What's a heretic?

Discussion in '2005 Archive' started by Brian30755, Jun 14, 2005.

  1. Brian30755

    Brian30755
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    I'm going to show my ignorance here. I keep seeing posts on here where someone is called a "heretic".

    I wasn't sure I knew what it meant, so I looked it up at dictionary.com.

    It says: A person who holds controversial opinions, especially one who publicly dissents from the officially accepted dogma of the Roman Catholic Church.

    When someone is called a "heretic" on this board, is this definition correct? Or is it used to refer to anyone who strays from Biblically sound doctrine?

    Thanks
     
  2. DHK

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    Titus 3:10 A man that is an heretick after the first and second admonition reject;

    hairetikos
    from the same as 140; a schismatic:--heretic (Strongs)

    Albert Barnes.
     
  3. Brian30755

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  4. rc

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    Brian,

    Whatever goes outside the bounds of the Church's orthodox belief system....

    Some good orthodox standards are the Westminster Confession of Faith, Concord Formula, Heidlburg Confession....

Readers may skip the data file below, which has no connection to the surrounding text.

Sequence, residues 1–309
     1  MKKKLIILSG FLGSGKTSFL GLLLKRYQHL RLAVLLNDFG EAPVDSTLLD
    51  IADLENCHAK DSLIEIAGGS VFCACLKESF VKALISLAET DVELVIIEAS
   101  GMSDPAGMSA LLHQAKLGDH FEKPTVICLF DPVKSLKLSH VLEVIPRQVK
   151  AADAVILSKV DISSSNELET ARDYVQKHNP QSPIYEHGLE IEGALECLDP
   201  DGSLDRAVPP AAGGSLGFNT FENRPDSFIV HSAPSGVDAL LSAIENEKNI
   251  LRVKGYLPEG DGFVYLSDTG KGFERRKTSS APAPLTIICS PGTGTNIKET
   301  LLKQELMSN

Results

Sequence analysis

Or look at the protestants councils to see what they "deemed" as heretical.... try Dort, Orange, Nicene, Carthage.
     
  5. FriendofSpurgeon

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    Agreed. Or at the broadest level possible, start with the Apostle's Creed.
     
  6. billwald

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    Christianty is defined by the ecumenical creeds. Denominations are defined by their catechisms and are (still) Christian as long as they conform to the ecumencal creeds.

    This is why the LDS and JWs are out. Most Baptists accept the creeds in a round about way but they insist upon reinventing the wheel every generation.
     
  7. rc

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    Actually the reformation catechisms were made to provide UNITY and only ONE denomination. The Catholic church had theirs and the reformers were together on theirs... catechisms where for the most part the reformers CREED. Unfortunately, when the reformers broke away from the RC the pendulum went to far the other way and through history, the people disregarded the catechisms as being valued as standard theology for the church, which led to denominational ism. As the RC considers the Protestants to be heretical, historic protestantism considers Arminianism to be heretical. (Council of Dort)
     
  8. atestring

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    My soul hs found a resting place
    Not in device or creed
    I trust the Ever Living One
    His wounds for me shall plead

    I need no other argument
    I need no other plea
    It is enough that Jesus died
    and that He died for me.
     
  9. rc

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    Your salvation is great.... that gives you "birth" atestring... but your life and growing up is in your theology and doctrine.